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Wickenburg woman trains hundreds of animals to appear in film, TV specials

Some of the most famous furry faces on film live in Arizona
Posted at 8:40 PM, Mar 10, 2024
and last updated 2024-03-10 23:40:58-04

WICKENBURG, AZ — Some of the most famous faces in cinema will be celebrated on Oscar night, but some of the most famous furry faces live just outside of Wickenburg.

Those furry faces include Ollie, a four-year-old raccoon aspiring to one day go to the Academy Awards — and he’s on his way.

He safely jumped on Seth Rogen’s back in the Apple TV+ show ‘Platonic.’

Living on the same property a few feet away is Bell, a goat once featured in an Xbox commercial.

”We had to have a goat that wasn’t going to kill our actress,” said Cris Rankin.

Bell, Ollie, and several hundred other animals are all trained, in part, by Cris Rankin of A1 Animal Talent.

On two acres just outside of Wickenburg, Rankin has foxes that have been on Yellowstone, including one who is named after the character, Casey.

She has dogs and cats that have been in the arms of Will Ferrell and the late great Betty White.

And Ollie’s predecessor once sat in between Rob Lowe and Jimmy Kimmel on his late-night show.

When describing the raccoon on national TV, Kimmel was shocked to see how well-mannered the typically wild animal was in front of a live studio audience.

"He’s picking things up with his hands — that’s so weirdly human,” said Kimmel.

Getting wild animals to safely cooperate on a production set takes patience; Rankin said getting a raccoon to wear sunglasses took weeks.

She’ll bring animals on set even when they don’t have a job, just to get them acclimated.

And typically, productions want an animal to go from one place to another.

She showed a training exercise where her badger, an aspiring actor named Rip, listened for a sound and then ran to it.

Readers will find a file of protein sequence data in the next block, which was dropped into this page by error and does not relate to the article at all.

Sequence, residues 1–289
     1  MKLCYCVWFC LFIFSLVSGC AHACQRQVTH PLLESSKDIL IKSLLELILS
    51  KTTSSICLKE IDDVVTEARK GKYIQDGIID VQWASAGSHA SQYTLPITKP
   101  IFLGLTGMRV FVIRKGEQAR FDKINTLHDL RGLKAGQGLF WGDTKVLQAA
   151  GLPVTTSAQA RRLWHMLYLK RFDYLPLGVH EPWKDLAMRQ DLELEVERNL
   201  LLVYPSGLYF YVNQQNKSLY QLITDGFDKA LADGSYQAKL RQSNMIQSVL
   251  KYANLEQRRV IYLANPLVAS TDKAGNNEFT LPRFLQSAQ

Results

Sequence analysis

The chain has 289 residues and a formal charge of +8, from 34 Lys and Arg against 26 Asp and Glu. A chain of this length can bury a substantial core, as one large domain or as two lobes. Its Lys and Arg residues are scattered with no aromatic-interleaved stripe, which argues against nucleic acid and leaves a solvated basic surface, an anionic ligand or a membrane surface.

So when there are sharp claws and teeth next to money-making faces, you bet there are protections in place for both humans and animals.

American Humane Society monitors animals in filmed media and holds exclusive rights to award the “no animals were harmed” end-credit certification to productions that meet their standards of care for animal actors.

”Those reps are there to have our backs, to make sure we don’t get pushed in a direction we don’t want to go,” said Rankin.

The rise of Artificial Intelligence in media could change the biz. The movie, ‘Call of the Wild’ featuring Harrison Ford used a computer-generated Bernese Mountain dog. Critics said the movie didn’t do as well as it could have, in part, due to the lack of authenticity.

Rankin says, at least right now, you can’t fake the real thing.

”People know the difference — there’s certain movements and characteristics that a computer can’t create that a real animal does,” she said.

From animals as big as bears to insects as small as spiders, Rankin has taken wild ideas on scripts and brought them to life with wild animals for three decades.

”I think loving animals and being creative goes hand in hand,” she said.

Or in this case – hand in paw.